The world today is permeated by invisible waves that confer the ability to communicate, share, download, upload, invade, spy and monitor. In other words, so much depends upon it and so much happens within it. As a result, it would be nice if people could see it for once. That’s the idea behind “Digital Ethereal”, a project being led by artist and researcher Luis Hernan of the University of Newcastle in the UK, that seeks to give visual representation to this invisible world.
By using different colors of light – red, yellow, green and blue – he was able to reveal the different strength of Wi-Fi signals in the world around us, showing the “ghost in the machine” as it were. He has called his device the Kirlian Device – named for Russian inventor Semyon Davidovich Kirlian, who discovered Kirlian photography, a technique for photographing electrical discharges, usually invisible to the naked eye.
As Hernan explained on his website:
This project came about as a design discourse on digital technologies, and the invisible infrastructure underpinning it. I believe our interaction with this landscape of electromagnetic signals, described by Antony Dunne as Hertzian Space, can be characterized in the same terms as that with ghosts and spectra. They both are paradoxical entities, whose untypical substance allows them to be an invisible presence…
Quite simply, the Kirlian Device measures the properties of Wi-Fi signals in its immediate vicinity, and shows a corresponding color. Much like the color spectrum, red is at one end, indicating a strong signal, while blue is at the opposite end indicating a weak one. As Hernan moves around, he uses long exposure photography to reveal Wi-Fi “ghosts” – what he dubs “wireless spectres”. In this way, his project has a certain spiritual quality.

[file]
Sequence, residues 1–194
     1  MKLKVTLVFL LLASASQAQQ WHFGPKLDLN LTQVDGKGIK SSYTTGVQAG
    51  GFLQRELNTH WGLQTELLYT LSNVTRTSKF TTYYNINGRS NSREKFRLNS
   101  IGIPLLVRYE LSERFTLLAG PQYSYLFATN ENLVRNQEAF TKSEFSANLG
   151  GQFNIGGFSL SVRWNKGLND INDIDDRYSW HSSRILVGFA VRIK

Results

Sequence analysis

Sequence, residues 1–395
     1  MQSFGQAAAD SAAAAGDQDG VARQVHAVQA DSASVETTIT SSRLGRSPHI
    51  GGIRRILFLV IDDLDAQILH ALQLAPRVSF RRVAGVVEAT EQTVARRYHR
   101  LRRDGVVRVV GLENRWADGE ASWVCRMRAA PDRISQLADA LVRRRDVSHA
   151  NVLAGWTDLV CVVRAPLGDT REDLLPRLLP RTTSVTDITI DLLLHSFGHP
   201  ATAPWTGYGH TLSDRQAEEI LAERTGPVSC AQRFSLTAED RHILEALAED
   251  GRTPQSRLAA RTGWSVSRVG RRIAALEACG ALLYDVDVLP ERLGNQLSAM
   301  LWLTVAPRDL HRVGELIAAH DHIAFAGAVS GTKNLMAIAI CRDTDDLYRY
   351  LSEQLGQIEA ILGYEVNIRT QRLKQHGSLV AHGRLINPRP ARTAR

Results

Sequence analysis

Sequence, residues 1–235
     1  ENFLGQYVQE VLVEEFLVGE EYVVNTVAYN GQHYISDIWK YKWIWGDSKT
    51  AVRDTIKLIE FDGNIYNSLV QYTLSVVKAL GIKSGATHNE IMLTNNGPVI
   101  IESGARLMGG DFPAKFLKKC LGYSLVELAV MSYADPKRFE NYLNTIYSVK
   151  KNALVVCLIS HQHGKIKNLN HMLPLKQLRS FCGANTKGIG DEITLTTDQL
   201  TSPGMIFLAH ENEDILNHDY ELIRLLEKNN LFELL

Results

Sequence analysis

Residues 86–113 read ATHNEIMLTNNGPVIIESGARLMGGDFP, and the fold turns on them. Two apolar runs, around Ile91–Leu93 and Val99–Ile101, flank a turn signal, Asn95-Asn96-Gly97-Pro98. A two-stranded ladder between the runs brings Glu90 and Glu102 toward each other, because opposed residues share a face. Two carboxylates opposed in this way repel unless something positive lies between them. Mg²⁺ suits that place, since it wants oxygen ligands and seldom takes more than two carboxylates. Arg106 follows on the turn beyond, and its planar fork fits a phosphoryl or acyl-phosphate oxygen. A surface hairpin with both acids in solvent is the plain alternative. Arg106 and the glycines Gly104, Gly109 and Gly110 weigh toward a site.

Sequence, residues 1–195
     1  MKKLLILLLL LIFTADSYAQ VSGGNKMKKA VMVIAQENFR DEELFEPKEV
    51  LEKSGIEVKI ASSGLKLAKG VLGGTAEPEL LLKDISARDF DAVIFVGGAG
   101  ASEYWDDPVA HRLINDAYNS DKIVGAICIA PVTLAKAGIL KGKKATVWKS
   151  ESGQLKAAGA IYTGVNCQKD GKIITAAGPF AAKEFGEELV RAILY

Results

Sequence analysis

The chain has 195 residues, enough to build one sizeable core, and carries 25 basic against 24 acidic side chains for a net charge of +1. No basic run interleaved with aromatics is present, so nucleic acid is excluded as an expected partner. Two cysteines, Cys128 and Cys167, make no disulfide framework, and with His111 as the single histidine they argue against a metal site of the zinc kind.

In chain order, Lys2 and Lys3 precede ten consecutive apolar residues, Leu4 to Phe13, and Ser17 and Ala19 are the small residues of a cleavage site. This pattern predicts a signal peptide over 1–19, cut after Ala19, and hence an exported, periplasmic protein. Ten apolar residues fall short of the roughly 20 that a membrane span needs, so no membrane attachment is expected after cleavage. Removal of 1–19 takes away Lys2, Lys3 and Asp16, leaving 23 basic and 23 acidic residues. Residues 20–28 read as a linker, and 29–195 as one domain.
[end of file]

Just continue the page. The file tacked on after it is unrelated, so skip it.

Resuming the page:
In the same way, they undergo a process of gradual substantiation to become temporarily available to perception. Finally, they both haunt us. Ghosts, as Derrida would have it, with the secrets of past generations. Hertzian space, with the frustration of interference and slowness.
The device is moved through the space, which is then registered in a long-exposure photograph. This process lasts for several minutes, and due to the brightness of the device, my figure is ghosted away in the process. In some pictures you can see my feet or even my blurred head underneath the light strikes…
For the purpose of his project, Hernan built his Kirlian Device out of an Arduino UNO board and Wi-Fi Shield which were connected to a strip of LED lights. But he’s also released a free Android app so that users can try it for themselves, and invited potential collaborators to drop him a line via his website. In the meantime, Hernan is currently pursuing his PhD with the Architecture and Interaction Design group at Newcastle University in the U.K.
And be sure to check out the video of the recent exhibition of Digital Ethereal: